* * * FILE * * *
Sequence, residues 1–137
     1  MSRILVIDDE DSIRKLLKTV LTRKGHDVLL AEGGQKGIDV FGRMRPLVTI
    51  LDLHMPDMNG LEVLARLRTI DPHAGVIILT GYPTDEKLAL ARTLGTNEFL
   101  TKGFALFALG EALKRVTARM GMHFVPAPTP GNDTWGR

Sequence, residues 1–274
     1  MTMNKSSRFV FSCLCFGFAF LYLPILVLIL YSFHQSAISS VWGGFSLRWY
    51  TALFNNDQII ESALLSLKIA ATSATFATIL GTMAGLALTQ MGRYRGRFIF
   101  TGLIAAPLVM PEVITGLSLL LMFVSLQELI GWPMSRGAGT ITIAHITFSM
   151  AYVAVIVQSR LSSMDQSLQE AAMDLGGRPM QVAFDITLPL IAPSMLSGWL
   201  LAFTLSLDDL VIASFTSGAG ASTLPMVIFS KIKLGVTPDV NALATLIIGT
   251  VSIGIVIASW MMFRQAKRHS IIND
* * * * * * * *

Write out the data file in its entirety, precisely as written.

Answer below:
Sequence, residues 1–137
     1  MSRILVIDDE DSIRKLLKTV LTRKGHDVLL AEGGQKGIDV FGRMRPLVTI
    51  LDLHMPDMNG LEVLARLRTI DPHAGVIILT GYPTDEKLAL ARTLGTNEFL
   101  TKGFALFALG EALKRVTARM GMHFVPAPTP GNDTWGR

Sequence, residues 1–274
     1  MTMNKSSRFV FSCLCFGFAF LYLPILVLIL YSFHQSAISS VWGGFSLRWY
    51  TALFNNDQII ESALLSLKIA ATSATFATIL GTMAGLALTQ MGRYRGRFIF
   101  TGLIAAPLVM PEVITGLSLL LMFVSLQELI GWPMSRGAGT ITIAHITFSM
   151  AYVAVIVQSR LSSMDQSLQE AAMDLGGRPM QVAFDITLPL IAPSMLSGWL
   201  LAFTLSLDDL VIASFTSGAG ASTLPMVIFS KIKLGVTPDV NALATLIIGT
   251  VSIGIVIASW MMFRQAKRHS IIND